The Manchester Museum recently became an official member of Virtual Collection of Masterpieces, an ASEMUS – The Asia Europe Museum Network project. The sheer quality and international significance of the Living Cultures Asia collection secured our inclusion.
The Oriental Gallery, The Manchester Museum, 1980s.
We’re in good company, as other fellow members include such esteemed institutions as:
The British Museum
The Museum of World Cultures, Gothenburg, Sweden
Tropenmuseum, Amsterdam, the Netherlands
University Museum and Art Gallery, The University of Hong Kong, Hong Kong
National Museum of Ethnology, Osaka, Japan
National Museum of Korea, Seoul, Republic of Korea
The aim of the project is to showcase and share information about the very many wonderful Asian collections which reside in European and Asian museums. We currently have 10 records online which you can view by following the link below:
Last week saw the welcome return of several of the Living Cultures collection exceptional Maori objects. In October 2010 the objects were loaned to the National Museum of Ethnology, Leiden, the Netherlands. They were included in the stunning exhibition Mana Maori: The Power of New Zealand’s First Inhabitants which ran from October 2010 until May 2011. The Living Cultures collection is home to over 250 Maori objects, a significant amount of which are of international importance. One such object is the 19th century kuwaha, or carved doorway, which many visitors to Mana Maori saw for the very first time.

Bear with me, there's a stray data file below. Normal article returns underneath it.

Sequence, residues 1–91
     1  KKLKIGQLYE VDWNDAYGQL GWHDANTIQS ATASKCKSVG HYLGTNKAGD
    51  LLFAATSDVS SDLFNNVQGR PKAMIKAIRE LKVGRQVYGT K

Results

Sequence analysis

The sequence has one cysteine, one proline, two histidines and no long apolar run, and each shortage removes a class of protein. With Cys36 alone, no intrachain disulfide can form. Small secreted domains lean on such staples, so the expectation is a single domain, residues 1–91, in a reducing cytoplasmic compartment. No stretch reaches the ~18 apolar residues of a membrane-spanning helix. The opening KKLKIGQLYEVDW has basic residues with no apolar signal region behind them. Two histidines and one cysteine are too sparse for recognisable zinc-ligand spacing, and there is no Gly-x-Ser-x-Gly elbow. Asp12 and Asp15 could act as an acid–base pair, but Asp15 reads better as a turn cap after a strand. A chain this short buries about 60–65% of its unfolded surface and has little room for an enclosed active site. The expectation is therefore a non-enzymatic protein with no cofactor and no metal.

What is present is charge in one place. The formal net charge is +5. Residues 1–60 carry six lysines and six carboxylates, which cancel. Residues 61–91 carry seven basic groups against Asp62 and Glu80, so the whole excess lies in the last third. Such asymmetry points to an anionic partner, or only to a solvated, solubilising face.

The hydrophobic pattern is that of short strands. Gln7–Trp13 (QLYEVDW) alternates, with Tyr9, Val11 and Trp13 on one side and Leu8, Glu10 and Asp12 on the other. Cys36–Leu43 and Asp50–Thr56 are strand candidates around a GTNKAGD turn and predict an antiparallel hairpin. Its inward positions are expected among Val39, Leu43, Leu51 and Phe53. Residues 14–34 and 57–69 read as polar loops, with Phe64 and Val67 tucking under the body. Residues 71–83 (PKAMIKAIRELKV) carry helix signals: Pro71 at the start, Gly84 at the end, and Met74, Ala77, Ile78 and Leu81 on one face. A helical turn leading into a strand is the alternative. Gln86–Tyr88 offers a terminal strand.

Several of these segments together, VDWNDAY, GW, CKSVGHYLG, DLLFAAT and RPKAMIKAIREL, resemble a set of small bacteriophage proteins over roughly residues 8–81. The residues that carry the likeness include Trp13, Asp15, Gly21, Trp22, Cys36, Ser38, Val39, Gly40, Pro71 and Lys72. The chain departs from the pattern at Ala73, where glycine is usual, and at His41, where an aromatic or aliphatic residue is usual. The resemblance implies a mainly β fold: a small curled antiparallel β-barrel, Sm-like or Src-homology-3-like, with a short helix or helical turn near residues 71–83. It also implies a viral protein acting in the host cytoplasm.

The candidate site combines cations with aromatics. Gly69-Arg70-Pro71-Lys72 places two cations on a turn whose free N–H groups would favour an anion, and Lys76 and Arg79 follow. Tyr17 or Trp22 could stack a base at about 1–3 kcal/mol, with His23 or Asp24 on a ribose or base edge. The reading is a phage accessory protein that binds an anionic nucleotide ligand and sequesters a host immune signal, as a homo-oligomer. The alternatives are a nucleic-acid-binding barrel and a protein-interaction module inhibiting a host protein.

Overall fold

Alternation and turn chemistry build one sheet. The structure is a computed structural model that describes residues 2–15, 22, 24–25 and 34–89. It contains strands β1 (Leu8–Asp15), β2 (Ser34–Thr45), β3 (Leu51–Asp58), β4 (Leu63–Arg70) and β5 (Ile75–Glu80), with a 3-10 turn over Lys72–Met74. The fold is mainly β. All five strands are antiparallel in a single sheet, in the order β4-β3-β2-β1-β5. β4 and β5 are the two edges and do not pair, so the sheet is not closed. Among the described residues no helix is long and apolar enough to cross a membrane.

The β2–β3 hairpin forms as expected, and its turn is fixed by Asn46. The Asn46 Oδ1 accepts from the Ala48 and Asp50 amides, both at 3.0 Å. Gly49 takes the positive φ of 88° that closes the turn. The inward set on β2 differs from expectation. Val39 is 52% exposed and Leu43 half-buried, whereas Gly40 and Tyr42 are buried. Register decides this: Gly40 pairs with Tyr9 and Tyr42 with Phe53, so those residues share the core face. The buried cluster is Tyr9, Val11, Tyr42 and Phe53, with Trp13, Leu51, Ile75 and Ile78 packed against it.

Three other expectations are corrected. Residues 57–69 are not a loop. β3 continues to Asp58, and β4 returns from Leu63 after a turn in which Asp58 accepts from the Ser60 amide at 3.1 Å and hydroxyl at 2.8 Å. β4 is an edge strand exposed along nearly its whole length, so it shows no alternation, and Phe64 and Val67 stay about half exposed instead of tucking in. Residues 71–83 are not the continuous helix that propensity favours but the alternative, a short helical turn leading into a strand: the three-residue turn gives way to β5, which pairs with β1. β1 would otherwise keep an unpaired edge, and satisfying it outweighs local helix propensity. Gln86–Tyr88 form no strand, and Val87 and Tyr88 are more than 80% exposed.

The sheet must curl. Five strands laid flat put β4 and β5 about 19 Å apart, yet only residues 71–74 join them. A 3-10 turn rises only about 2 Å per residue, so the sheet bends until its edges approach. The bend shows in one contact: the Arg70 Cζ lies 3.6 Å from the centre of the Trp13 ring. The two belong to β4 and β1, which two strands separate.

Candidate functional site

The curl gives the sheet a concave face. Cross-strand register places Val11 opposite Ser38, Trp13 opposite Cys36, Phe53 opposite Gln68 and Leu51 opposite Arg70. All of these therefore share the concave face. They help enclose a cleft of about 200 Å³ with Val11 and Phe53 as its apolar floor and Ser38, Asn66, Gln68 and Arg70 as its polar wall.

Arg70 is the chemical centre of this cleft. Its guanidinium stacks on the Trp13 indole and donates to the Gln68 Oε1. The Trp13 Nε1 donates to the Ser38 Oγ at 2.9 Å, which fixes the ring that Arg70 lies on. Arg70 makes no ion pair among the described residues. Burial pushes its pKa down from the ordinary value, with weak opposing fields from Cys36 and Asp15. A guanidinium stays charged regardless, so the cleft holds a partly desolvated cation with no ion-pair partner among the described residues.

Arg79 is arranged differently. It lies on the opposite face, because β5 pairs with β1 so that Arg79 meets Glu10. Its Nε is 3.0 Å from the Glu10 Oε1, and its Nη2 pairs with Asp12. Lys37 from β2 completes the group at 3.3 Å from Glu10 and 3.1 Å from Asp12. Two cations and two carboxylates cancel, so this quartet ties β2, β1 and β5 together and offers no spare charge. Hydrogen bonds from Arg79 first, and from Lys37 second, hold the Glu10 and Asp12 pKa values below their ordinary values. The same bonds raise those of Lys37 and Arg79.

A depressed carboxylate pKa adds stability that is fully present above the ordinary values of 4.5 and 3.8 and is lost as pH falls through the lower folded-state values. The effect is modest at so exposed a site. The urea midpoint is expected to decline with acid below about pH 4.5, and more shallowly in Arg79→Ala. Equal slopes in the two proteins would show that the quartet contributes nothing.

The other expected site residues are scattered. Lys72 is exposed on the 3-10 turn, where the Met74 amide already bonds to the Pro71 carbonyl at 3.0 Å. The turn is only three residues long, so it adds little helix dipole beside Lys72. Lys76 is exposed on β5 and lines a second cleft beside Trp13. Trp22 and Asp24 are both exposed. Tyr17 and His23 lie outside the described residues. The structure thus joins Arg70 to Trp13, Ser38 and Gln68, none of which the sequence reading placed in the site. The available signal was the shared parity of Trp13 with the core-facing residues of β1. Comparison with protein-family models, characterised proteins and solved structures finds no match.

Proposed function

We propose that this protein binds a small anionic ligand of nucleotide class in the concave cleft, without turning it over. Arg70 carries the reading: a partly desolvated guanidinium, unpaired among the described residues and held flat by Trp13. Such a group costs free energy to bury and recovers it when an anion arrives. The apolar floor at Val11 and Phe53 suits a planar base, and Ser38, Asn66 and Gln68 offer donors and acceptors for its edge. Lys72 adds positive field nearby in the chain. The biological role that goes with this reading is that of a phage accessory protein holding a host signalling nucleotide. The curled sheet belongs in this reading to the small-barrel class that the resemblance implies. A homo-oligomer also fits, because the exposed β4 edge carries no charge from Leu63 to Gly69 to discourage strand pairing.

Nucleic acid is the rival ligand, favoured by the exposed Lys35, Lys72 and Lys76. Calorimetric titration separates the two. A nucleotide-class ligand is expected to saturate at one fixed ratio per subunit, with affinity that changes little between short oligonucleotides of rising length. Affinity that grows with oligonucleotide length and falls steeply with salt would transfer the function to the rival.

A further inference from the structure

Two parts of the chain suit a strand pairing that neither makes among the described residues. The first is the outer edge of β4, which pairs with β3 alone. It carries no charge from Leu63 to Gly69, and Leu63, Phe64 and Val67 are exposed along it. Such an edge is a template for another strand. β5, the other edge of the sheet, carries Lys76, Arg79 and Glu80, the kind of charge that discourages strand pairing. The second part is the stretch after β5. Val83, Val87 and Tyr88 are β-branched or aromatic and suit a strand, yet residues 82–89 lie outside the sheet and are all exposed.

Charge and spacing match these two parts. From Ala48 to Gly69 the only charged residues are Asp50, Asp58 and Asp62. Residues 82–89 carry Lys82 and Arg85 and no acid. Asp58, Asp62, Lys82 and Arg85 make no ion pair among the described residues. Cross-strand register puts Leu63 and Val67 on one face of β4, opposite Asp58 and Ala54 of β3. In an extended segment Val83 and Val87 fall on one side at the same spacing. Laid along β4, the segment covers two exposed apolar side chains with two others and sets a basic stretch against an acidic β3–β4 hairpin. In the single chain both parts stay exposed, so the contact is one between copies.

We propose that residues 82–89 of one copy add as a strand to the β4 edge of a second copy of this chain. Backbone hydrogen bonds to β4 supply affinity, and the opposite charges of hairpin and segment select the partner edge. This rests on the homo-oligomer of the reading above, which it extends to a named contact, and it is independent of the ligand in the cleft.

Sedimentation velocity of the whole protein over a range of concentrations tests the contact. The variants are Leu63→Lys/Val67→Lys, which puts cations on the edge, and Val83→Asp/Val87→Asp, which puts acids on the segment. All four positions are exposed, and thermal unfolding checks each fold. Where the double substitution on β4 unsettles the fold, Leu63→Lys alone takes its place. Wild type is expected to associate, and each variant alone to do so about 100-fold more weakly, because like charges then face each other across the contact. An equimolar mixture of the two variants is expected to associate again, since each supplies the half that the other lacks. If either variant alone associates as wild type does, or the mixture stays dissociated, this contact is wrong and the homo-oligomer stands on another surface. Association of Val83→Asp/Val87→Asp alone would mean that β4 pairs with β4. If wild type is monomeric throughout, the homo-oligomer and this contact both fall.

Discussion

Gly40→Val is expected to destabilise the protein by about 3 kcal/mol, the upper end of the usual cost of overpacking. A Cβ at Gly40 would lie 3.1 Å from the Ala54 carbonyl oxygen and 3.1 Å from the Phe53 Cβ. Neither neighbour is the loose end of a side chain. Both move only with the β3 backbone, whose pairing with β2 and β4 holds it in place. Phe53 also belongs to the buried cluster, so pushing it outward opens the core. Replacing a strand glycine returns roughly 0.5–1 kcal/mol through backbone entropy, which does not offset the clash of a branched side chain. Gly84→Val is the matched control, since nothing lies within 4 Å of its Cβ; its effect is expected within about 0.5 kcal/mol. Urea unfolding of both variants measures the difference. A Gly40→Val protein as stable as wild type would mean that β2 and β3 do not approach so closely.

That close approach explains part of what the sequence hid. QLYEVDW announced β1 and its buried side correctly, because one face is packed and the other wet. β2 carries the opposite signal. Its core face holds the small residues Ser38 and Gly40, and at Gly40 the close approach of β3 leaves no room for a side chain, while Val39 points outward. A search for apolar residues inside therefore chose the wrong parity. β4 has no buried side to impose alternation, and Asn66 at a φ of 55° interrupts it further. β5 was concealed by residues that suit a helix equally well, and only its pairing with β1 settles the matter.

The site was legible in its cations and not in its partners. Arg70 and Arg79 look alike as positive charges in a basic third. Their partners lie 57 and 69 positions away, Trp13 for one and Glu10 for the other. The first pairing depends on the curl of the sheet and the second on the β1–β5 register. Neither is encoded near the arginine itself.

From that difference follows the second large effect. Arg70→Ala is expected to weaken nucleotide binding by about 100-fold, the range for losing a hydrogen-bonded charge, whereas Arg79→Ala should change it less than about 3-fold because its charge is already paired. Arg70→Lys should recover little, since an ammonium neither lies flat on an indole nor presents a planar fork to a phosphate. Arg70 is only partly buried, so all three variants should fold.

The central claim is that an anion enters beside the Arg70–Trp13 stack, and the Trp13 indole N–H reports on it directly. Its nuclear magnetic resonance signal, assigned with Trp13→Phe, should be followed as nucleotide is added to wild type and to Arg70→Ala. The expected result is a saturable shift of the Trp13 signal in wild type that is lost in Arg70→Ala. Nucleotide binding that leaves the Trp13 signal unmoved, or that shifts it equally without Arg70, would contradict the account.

0.7857, Maori Kuwaha, Aotearoa, 19th century. The Manchester Museum Living Cultures Collection.
Furthermore, last week also saw the arrival of Mongolian performance artist Enkhbold Togmidshiirev as part of the Asia Triennial arts festival. Not only was Enkhbold able to give a wonderful performance using his traditional Mongolian ger, or tent, and a lecture, he was also able to see some of the Mongolian bows and arrows in the Archery collection. In an enlightening discussion Honorary Curator of Archery Wendy Hodkinson and Enkhbold shared their enthusiasm, experience and knowledge of the objects. The moment was captured in the images below, in which you can see Wendy, Enkhbold and interpreter Tsendpurev Tsegmid.